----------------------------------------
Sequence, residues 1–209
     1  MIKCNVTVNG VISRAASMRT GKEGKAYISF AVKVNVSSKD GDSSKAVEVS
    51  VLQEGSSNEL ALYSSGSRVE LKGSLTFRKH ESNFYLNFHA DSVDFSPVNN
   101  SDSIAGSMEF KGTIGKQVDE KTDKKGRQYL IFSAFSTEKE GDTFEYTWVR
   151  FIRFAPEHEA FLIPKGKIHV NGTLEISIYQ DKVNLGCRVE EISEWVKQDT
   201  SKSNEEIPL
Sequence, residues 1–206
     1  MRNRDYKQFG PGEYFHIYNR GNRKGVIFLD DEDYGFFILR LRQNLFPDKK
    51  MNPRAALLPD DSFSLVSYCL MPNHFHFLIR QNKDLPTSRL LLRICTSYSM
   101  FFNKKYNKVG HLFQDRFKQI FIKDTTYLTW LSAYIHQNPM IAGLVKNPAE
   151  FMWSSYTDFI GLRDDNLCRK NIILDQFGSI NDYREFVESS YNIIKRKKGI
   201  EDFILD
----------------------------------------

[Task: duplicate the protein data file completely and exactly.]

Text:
Sequence, residues 1–209
     1  MIKCNVTVNG VISRAASMRT GKEGKAYISF AVKVNVSSKD GDSSKAVEVS
    51  VLQEGSSNEL ALYSSGSRVE LKGSLTFRKH ESNFYLNFHA DSVDFSPVNN
   101  SDSIAGSMEF KGTIGKQVDE KTDKKGRQYL IFSAFSTEKE GDTFEYTWVR
   151  FIRFAPEHEA FLIPKGKIHV NGTLEISIYQ DKVNLGCRVE EISEWVKQDT
   201  SKSNEEIPL
Sequence, residues 1–206
     1  MRNRDYKQFG PGEYFHIYNR GNRKGVIFLD DEDYGFFILR LRQNLFPDKK
    51  MNPRAALLPD DSFSLVSYCL MPNHFHFLIR QNKDLPTSRL LLRICTSYSM
   101  FFNKKYNKVG HLFQDRFKQI FIKDTTYLTW LSAYIHQNPM IAGLVKNPAE
   151  FMWSSYTDFI GLRDDNLCRK NIILDQFGSI NDYREFVESS YNIIKRKKGI
   201  EDFILD